History of Computing
If we look back at the history of computing, we can see that IT technologies were initially very bound to the capabilities of the hardware, but became more intuitive and „human“ over the past decades:
- In the beginning (see the Zuse Z3 above), programmers had to physically interact with the technology via pushing and pulling registers or punch cards.
- In the 70ies and 80ies of the last century assembler programming became more prevalent, where you still interacted relatively close with the physical hardware, but at least it was not a physical exercise anymore.
- Computer Scientists then discovered, that there are more intuitive ways to interact with computers and got inspired by cooking recipes: functional/procedural programming of the 80ies and 90ies (remember PASCAL or C) basically resembled what cookbooks have done for centuries: describing the ingredients and a sequence of steps to realize a certain outcome.
- Even more intuitive was object-oriented programming in the 90ies and 2000er years, where large amounts of sourcecode was not expressed in lengthy spaghetti-code but organized intuitively in objects and methods. This programming paradigm can already be seen as being inspired how our brain sees the real world – we learned concepts of abstract objects (abstract entities such as cars, trees or buildings) and see their realization/instantiation in reality. Also, object have certain characteristics (size, color, shape) and functions, which correspond to data and methods associated with the objects.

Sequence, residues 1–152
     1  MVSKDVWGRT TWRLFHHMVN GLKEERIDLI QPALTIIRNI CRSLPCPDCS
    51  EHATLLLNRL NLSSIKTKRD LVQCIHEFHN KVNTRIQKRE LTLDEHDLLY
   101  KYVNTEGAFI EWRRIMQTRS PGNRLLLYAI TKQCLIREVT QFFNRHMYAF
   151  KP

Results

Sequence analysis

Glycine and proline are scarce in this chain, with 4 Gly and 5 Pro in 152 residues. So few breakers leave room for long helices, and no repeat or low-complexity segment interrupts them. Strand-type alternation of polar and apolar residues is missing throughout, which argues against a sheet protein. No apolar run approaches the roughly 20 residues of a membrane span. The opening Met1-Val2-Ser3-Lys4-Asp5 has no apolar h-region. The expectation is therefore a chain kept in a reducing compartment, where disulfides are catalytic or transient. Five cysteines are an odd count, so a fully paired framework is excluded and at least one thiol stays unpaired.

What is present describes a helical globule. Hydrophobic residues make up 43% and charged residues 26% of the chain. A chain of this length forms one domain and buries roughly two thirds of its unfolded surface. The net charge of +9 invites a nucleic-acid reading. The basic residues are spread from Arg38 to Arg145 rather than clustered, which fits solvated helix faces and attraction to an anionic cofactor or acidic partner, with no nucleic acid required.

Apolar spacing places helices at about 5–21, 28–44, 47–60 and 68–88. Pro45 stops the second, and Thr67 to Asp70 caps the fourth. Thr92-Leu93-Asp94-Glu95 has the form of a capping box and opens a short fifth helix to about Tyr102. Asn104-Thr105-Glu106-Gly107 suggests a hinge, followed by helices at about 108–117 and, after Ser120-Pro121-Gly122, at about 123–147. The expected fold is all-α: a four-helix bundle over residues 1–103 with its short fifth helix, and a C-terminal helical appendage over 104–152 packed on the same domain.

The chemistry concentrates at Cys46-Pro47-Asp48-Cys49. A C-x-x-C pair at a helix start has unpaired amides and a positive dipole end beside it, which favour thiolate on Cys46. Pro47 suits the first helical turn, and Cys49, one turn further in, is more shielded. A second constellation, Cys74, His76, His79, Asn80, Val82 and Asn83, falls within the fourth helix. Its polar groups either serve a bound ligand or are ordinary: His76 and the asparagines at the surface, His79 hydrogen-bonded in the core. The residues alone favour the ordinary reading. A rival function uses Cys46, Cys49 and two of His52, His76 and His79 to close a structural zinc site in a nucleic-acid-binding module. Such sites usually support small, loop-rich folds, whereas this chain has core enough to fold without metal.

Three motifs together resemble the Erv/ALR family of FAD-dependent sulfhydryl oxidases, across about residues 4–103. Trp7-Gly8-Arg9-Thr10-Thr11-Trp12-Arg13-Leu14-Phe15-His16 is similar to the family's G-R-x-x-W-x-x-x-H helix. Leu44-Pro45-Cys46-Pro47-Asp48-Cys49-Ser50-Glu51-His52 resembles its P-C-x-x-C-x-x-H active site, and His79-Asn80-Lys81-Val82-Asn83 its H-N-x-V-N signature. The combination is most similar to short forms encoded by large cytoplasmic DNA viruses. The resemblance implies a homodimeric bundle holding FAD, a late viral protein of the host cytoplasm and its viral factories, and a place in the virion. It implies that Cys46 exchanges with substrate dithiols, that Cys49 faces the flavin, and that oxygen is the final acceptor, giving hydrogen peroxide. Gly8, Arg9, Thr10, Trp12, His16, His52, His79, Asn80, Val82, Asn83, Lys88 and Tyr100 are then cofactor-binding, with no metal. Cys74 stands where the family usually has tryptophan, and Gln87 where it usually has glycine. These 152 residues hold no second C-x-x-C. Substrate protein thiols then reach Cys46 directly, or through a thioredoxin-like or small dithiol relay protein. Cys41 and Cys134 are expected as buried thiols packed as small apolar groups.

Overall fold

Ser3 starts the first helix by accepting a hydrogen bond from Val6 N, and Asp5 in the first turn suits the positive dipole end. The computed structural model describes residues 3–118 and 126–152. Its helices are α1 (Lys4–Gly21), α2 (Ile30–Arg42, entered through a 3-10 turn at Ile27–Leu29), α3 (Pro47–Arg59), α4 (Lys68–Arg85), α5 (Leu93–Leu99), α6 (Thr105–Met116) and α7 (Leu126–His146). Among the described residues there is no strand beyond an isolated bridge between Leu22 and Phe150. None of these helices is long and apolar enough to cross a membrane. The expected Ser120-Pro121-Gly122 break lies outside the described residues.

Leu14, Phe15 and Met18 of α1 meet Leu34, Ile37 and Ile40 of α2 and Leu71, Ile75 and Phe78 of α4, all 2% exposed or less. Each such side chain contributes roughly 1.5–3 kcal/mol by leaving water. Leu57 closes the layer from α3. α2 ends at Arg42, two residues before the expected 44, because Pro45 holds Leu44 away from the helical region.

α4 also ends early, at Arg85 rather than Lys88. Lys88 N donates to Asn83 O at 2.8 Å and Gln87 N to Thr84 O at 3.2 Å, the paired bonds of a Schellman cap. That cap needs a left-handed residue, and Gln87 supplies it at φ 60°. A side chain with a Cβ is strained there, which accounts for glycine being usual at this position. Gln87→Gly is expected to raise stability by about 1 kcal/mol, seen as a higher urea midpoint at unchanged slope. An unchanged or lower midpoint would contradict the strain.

This, however, is not the end of the development. The problem with object-oriented programming is that functions and methods are more dominant and the data is often deeply hidden in the code or in data silos where the structure of the data is only known to a few experts. We currently see that there is increasing attention to data (e.g. big data, smart data, data science) – data is becoming more and more a first class citizen of computing. Still many challenges are ahead of us to realize the vision of cognitive data. We need to find and use more intuitive representations of data, which capture their structure and semantics in machine and human comprehensible ways, so that we develop a common understanding of the data along use cases, organizations, applications, value chains or domains. Knowledge graphs, linked data and semantic technologies are good candidates in this regard.
Text by: Prof. Dr. Sören Auer, Technische Informationsbibliothek, L3S Research Center
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